Janet Rankin went straight up to the table and snatched a pikelet from the dish. She ate it at once, stuffing it greedily into her mouth without bothering to butter it. She was startlingly like her father. Small and fine-boned, with a thin face, she had the same wary eyes as he did, grey and restless, whose aloof expression conveyed her sense of her own personal superiority over the individuals and conditions around her. It was an expression, however, which served to mask her innermost feelings. She smiled at her father and wiped her mouth with the back of her hand. Like her brother she was naked except for a pair of underpants. Her dark hair was dripping wet and lay in long thin strands like water weed across her bony shoulders. There were goosebumps on her shivering skin and around her nipples the swollen rose-pink aureoles of puberty shone and accentuated her nakedness.

‘Get something dry on before you catch a chill,' Ward Rankin said.

‘He's not coming,' she pronounced. Her gaze remained steady on the dish of pikelets. ‘He's gone.'

For an instant Ward Rankin thought his daughter meant the stockman had left the station, had really gone, walked off the place as men sometimes did after accidents or disagreements, offended and suspicious, saying nothing. He even saw an image of Crofts' solitary figure tramping down the road in the direction of town. ‘Gone where?' he exclaimed. His wife looked at him, an echo of his anguish in the sharpness of his query.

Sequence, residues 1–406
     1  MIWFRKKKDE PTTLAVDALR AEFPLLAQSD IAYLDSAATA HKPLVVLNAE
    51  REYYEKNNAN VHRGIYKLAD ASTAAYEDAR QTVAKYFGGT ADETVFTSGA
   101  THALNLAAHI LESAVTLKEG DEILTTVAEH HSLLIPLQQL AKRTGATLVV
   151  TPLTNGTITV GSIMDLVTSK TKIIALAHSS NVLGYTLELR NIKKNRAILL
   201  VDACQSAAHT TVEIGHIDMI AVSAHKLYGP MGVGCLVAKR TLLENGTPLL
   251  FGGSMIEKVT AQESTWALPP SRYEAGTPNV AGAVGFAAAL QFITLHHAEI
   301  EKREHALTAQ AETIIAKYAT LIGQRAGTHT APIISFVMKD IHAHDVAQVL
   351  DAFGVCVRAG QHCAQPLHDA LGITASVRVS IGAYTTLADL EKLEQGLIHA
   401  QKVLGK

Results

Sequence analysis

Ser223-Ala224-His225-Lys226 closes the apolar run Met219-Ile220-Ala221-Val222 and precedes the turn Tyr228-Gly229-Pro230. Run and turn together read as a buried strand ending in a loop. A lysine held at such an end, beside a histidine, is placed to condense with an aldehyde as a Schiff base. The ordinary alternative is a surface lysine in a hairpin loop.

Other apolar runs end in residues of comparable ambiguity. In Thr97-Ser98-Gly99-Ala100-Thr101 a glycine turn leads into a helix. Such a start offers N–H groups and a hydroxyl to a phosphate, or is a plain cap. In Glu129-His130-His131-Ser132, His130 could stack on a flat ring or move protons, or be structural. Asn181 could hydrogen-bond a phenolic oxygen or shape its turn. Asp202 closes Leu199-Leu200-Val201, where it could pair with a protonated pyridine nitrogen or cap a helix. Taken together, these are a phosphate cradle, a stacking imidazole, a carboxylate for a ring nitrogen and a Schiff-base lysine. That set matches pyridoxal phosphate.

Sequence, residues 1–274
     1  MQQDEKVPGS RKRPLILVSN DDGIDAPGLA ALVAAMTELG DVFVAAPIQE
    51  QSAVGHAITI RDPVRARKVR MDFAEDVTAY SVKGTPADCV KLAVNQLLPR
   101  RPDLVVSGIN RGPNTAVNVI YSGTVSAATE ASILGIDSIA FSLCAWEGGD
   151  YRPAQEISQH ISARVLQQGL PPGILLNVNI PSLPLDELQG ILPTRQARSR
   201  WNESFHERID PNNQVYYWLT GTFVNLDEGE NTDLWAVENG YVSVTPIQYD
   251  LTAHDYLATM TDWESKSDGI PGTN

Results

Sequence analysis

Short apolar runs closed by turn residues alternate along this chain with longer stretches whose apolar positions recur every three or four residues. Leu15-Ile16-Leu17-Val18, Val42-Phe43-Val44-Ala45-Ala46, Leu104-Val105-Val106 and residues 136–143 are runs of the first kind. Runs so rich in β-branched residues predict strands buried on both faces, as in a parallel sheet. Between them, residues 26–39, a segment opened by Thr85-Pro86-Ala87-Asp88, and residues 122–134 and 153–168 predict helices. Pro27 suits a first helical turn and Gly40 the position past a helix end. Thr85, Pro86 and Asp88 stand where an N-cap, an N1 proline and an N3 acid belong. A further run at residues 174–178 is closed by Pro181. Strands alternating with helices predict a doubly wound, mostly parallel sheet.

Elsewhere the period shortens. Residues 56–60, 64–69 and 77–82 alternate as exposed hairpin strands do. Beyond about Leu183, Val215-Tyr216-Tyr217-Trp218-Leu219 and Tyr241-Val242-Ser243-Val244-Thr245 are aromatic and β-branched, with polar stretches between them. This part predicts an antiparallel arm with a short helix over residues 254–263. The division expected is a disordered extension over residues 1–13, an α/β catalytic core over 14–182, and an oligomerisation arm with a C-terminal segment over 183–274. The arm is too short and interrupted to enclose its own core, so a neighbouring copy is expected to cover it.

‘What do you mean?' she asked uncertainly, turning to her daughter. ‘Where has he gone?'

Only the girl's pale lips betrayed the satisfaction she derived from her parents' reaction. ‘Can I have another pikelet?' she asked quietly, gazing fixedly at her father.

‘No you can't!' Her mother's voice was severe.

‘He went to the Pinnacles,' the girl continued, unmoved by her mother's irritation and now wringing water from her hair onto the floor. ‘Exploring. You know.'

‘Get dressed this minute!' Ida Rankin said angrily. ‘That goes for the pair of you!'

After the children had gone Ward Rankin got up, avoiding his wife's gaze, and left the verandah. In the half-light of the sitting room once more, with the door closed, he took out a bottle of whiskey from the cupboard next to his desk, and as he poured a good quantity of the liquor into the glass he grimly delivered himself of a string of obscenities.

•